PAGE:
The first time I met Tanner Hall, the wind was whipping from three different directions in Breckenridge, Colo., home of the old Honda Tour (pre-Dew Tour days). Tanner was hunkered down in his jacket with the collar pulled up to his ears trying to stay warm as he was leaving for the day and I was peppering him with questions, doing web recaps for Powder magazine at the time. He looked like hell.
“I feel like shit,” he told me. “But everyone is throwing down so I gotta be out there.” Even as he was battling a gnarly cold, he was still unbelievably impressive to watch ski. There were so many events that year I don’t recall if he won in Breck but I know he made the podium, despite staving off pneumonia.
When halfpipe and slopestyle skiing finally made the Olympic card in 2014, it was disappointing that Tanner didn’t ever get to show off his breathtaking skills that had won him seven X Games golds on the most hyped stage in the world. Especially since it could be easily argued it was his work in bringing the spotlight to the sport that had gotten freeskiing into the Olympics in the first place.
That’s why I was completely amped this week when I heard the rumor that Tanner would be skiing next year in some capacity on the Freeride World Tour. He apparently received a wild card but it’s not clear if that’s for one event or the whole series (the FWT actually has a qualifying series as well). I confirmed the rumor with a source and when I contacted the FWT I was diverted to a PR affiliate for a quote as the tour is apparently hoping to release the news next week. I didn’t want to wait. Plus I nabbed this screen shot that showed up on Newschoolers.com from a story on Tanner’s Instagram page, a must-follow btw, if you value progressive freeriding.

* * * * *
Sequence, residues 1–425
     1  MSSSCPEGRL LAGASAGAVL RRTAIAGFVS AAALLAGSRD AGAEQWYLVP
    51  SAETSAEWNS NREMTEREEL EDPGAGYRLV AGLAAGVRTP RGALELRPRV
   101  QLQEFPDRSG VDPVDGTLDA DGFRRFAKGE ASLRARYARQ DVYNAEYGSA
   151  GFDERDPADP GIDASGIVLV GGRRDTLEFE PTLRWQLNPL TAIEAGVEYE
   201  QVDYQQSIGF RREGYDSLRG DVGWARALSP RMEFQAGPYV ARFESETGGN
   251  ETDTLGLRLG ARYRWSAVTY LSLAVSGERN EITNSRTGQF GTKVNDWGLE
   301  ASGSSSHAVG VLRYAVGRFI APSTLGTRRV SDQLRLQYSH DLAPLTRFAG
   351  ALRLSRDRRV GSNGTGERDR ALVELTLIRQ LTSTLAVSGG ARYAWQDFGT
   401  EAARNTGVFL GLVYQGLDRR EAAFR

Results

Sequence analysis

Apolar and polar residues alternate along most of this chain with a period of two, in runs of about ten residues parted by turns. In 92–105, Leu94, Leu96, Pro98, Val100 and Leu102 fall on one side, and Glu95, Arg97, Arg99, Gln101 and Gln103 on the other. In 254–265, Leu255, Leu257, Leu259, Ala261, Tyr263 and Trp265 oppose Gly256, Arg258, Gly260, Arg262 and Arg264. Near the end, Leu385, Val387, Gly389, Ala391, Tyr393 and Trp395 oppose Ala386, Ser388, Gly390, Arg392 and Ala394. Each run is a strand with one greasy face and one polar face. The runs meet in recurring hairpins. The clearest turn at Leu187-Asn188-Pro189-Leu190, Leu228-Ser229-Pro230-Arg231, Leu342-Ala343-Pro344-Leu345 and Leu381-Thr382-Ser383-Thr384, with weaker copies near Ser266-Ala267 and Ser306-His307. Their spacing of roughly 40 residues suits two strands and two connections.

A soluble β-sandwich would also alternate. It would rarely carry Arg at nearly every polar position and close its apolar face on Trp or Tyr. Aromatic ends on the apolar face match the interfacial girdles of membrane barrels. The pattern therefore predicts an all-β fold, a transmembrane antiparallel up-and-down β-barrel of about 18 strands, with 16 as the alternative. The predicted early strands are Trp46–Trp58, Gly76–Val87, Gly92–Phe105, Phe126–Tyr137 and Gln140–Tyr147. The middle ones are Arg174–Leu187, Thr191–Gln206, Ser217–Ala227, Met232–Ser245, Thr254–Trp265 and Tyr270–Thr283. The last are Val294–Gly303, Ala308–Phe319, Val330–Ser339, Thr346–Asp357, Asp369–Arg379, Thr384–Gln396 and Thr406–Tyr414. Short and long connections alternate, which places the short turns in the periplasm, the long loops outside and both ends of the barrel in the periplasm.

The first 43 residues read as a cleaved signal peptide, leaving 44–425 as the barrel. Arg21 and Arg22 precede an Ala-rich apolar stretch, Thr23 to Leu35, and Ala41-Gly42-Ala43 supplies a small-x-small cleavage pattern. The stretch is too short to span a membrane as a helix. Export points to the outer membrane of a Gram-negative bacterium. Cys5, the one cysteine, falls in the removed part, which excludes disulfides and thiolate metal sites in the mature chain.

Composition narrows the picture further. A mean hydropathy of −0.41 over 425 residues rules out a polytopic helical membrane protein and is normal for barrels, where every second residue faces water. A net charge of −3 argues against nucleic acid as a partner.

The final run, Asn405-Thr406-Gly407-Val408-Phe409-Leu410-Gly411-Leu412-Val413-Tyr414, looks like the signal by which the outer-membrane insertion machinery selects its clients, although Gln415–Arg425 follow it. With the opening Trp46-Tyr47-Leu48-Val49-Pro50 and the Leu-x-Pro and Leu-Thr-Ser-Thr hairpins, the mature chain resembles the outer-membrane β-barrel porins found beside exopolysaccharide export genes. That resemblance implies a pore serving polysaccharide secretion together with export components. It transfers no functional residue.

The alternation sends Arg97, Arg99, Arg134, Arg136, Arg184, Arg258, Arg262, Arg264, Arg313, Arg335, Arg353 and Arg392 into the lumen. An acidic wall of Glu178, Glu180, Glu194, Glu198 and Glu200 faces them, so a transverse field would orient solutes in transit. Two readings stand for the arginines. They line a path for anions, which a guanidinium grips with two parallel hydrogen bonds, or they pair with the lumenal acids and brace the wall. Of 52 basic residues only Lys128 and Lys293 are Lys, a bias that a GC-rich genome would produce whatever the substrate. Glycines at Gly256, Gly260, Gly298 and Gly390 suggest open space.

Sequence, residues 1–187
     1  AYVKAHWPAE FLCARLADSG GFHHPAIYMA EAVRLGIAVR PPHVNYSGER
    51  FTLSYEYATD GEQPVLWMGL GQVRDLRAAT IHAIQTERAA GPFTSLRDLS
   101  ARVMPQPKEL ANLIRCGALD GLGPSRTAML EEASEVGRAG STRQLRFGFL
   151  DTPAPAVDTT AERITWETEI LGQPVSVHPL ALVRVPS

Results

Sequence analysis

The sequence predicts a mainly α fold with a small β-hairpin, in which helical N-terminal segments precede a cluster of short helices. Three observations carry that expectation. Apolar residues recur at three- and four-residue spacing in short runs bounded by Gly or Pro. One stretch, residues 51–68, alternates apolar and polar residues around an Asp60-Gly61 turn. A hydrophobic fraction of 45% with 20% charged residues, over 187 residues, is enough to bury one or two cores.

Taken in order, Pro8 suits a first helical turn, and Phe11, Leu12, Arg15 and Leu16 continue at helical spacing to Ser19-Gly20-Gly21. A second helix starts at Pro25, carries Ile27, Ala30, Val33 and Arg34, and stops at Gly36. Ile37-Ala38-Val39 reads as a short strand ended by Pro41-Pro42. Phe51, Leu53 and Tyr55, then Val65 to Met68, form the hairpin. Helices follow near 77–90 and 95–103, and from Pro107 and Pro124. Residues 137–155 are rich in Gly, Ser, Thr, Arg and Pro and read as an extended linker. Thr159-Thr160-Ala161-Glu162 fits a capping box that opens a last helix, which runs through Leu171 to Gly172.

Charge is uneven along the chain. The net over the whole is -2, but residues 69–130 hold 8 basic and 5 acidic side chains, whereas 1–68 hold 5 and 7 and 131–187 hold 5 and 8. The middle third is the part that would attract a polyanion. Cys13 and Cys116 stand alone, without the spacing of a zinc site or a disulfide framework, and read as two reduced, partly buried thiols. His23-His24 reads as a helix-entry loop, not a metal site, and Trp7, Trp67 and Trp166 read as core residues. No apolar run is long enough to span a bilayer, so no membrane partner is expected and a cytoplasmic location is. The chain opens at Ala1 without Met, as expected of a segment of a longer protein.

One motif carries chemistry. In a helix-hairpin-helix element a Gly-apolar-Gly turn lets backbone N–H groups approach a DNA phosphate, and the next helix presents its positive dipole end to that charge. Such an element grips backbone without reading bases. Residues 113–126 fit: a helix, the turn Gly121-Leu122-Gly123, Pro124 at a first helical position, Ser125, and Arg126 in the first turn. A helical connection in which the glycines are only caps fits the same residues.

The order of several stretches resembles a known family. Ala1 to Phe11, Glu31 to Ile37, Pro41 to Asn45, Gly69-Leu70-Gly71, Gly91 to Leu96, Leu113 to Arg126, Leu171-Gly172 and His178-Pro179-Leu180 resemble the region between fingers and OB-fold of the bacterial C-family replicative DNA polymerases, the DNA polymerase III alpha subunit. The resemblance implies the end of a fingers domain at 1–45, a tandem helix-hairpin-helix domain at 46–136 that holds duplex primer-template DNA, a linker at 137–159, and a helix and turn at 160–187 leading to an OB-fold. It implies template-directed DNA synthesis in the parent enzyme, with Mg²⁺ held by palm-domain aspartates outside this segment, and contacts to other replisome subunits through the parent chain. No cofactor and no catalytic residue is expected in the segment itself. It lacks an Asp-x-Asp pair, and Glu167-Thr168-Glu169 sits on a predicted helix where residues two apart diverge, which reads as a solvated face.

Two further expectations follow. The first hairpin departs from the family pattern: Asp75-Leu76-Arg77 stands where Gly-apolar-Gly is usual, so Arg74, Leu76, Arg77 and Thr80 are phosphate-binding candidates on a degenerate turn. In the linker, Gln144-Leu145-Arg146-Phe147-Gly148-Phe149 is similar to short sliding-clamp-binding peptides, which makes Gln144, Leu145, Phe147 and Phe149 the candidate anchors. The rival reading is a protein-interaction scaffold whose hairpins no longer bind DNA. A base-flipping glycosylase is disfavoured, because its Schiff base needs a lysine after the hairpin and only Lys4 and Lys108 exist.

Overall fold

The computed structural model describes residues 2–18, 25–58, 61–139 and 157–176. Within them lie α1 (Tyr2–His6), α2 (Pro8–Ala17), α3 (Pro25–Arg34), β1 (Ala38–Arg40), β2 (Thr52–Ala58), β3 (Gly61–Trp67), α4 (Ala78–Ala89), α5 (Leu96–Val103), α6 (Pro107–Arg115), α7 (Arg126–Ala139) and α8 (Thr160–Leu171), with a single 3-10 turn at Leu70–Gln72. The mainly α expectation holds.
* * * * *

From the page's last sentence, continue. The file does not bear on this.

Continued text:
For my money, the Freeride World Tour is the most relevant competitive game in the mountains today. Mostly because it’s so relateable. Let’s be honest, can any of us really see ourselves in a halfpipe or launching off a 60-foot slopestyle jump? But anyone who rides snow can definitely see themselves charging a big line in the mountains (if only in one’s dreams). Maybe throwing a spin into a powder landing. Or even a backflip if we get charged up enough (again, even if it’s just in our own minds)? While athletes on the FWT aren’t always afforded fantastic conditions because event windows don’t line up with weather, they’re showing the complete package: speed, power, flow and progression in big mountain situations.
I think Tanner’s riding will fit the game perfectly. In fact, I love it when any high-profile athletes, like Travis Rice or Candide Thovex, compete on the Freeride World Tour. It just makes the event even better. Tanner has the ability to make any competitive event he decides to enter more watchable. Which, in my mind, can’t be anything but a gigantic win for the Freeride World Tour.